The way the are designed to work is there is a little tube coming off the pipe towards the bottom, and this drains into a little gravel pit. The water in the pipe drains out, and there is nothing to freeze inside the pipe. Somehow it seems that ours got plugged. The ground is frozen solid right now, with no hopes of digging four feet down to clear it out. We got some heat tape for it and that was working great, no issues. Well until Tuesday that is.
Scott got home Tuesday morning after I had watered Mon night, and it was froze up. The heat tape plug had come undone from the extension cord. He plugged it back in and we hoped for the best. Tues evening when I got home, it had come unplugged again. Still frozen.
I unplugged the tank heater, I knew they were going to drink it down far enough over night, that I didn't want the tank heater to burn up. Scott, bless him, got up at 7 in the morning to go work on it. He was out there with the propane weed burner trying to unfreeze everything. He dug out the soggy ground around the pipe and was able to get down far enough to get it all flowing again. Took him four hours. I had to run into town and get him more propane before I left for work. He put more heat tape on it, fixed the plug so it would stop falling out, and so far, everything has been fine. It'll be a major project come spring to make it all work again the way it's supposed to.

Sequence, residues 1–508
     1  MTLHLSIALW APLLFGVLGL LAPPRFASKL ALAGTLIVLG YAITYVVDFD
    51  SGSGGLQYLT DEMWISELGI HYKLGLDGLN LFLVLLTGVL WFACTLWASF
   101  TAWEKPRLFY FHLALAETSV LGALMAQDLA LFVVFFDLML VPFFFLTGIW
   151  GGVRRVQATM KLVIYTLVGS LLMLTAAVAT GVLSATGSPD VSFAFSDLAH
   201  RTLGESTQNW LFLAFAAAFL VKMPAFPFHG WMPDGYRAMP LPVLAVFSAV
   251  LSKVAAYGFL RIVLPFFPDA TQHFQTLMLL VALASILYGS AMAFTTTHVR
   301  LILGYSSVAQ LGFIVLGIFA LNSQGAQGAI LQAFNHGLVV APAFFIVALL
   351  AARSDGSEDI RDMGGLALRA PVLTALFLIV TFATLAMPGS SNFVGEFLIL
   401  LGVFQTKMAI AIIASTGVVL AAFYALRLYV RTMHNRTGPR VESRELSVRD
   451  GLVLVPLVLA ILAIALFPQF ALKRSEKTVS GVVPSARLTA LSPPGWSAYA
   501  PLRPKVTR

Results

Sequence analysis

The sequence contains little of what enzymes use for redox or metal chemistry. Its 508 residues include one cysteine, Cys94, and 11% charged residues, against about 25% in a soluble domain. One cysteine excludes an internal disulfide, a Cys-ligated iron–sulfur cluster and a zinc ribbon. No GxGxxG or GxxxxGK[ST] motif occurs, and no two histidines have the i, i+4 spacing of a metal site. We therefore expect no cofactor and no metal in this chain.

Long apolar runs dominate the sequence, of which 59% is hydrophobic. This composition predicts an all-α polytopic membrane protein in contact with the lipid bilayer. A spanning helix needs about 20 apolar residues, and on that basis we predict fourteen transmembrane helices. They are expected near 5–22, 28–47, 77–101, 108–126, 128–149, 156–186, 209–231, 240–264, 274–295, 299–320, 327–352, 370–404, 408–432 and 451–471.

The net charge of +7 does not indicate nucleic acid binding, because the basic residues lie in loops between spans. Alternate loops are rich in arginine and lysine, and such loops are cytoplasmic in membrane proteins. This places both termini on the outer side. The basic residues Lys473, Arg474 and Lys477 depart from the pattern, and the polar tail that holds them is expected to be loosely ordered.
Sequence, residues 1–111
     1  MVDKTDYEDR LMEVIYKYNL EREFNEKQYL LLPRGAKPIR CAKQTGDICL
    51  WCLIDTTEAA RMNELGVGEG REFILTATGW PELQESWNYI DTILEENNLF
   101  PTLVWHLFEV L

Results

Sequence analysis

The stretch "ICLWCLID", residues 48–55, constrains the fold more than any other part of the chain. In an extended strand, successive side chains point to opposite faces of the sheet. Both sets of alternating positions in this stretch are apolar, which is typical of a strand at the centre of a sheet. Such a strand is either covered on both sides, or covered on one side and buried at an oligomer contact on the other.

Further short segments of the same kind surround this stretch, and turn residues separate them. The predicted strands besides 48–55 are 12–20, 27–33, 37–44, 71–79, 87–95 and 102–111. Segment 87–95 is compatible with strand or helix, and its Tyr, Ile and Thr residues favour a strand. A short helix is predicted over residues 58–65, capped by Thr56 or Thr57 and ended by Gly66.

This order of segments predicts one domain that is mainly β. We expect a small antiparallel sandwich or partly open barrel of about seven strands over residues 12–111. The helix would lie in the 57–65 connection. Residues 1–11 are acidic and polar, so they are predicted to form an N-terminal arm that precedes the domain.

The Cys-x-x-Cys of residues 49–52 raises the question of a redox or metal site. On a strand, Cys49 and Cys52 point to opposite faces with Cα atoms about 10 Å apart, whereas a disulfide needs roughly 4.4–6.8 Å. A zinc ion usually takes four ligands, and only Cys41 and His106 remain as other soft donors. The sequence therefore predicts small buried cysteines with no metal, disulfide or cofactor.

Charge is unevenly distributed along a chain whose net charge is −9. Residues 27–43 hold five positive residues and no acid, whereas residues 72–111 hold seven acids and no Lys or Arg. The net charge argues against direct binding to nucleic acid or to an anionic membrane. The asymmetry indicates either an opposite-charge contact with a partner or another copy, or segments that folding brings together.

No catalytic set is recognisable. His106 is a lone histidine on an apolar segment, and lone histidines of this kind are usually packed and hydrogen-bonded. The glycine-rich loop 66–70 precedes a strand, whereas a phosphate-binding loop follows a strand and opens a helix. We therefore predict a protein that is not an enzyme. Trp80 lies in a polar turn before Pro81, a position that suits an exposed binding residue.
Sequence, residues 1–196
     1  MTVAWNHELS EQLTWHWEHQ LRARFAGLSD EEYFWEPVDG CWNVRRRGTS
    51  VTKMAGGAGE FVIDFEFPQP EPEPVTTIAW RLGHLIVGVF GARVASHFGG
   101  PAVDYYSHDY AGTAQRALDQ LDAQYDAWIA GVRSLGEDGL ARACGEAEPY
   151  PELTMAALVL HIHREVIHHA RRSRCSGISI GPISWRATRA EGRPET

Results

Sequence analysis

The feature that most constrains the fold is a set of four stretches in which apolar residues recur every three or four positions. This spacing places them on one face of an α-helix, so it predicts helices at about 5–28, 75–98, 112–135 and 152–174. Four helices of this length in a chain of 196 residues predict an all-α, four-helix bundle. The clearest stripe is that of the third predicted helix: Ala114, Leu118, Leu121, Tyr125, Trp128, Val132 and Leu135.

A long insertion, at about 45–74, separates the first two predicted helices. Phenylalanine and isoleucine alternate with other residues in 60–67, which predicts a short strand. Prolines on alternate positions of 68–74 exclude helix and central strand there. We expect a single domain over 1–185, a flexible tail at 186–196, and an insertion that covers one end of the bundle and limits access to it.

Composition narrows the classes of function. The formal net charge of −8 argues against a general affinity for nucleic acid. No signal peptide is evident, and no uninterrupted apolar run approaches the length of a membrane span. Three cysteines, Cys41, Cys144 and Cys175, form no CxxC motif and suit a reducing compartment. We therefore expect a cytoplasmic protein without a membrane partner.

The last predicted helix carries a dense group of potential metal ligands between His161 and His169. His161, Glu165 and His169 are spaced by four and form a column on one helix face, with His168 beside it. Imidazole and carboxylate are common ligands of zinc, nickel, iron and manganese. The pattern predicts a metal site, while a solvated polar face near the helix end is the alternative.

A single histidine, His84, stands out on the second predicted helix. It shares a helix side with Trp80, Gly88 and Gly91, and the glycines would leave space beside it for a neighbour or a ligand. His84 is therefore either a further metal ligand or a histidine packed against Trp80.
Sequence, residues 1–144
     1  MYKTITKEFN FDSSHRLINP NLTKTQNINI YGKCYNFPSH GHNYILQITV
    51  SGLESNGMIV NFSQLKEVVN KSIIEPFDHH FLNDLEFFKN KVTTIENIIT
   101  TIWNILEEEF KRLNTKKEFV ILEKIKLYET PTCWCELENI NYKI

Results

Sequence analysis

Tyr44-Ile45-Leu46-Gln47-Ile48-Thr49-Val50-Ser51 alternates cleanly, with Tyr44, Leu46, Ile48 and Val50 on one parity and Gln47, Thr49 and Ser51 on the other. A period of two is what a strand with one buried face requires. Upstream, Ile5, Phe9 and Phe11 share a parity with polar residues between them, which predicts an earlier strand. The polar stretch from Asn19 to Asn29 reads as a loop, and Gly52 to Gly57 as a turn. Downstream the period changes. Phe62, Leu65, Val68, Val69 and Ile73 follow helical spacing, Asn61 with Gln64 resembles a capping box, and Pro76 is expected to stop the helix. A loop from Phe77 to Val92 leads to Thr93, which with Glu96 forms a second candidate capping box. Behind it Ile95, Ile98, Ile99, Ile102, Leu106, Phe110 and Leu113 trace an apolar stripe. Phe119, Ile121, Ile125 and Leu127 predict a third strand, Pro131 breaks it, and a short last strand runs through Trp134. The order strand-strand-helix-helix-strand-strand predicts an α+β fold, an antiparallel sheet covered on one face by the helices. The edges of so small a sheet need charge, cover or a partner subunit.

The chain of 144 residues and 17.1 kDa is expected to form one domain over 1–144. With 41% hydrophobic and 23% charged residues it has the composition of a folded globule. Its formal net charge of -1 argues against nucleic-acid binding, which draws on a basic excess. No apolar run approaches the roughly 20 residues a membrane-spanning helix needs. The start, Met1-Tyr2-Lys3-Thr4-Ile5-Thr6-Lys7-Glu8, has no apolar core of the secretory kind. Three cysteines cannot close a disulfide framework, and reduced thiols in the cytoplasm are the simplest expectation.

Equine recurrent uveitis
- Signs that an eye is in distress include redness, swelling, pus, pupil constriction in the dark, cloudiness, squinting, and photophobia. Uveitis is often diagnosed as something far less serious and valuable treatment time is lost. If not treated aggressively from the onset, there is less chance of saving sight in one or both eyes. Unfortunately, even with very aggressive treatment, some eyes cannot be saved, but in other cases the disease can be halted or at least slowed down." There is more literature on their page.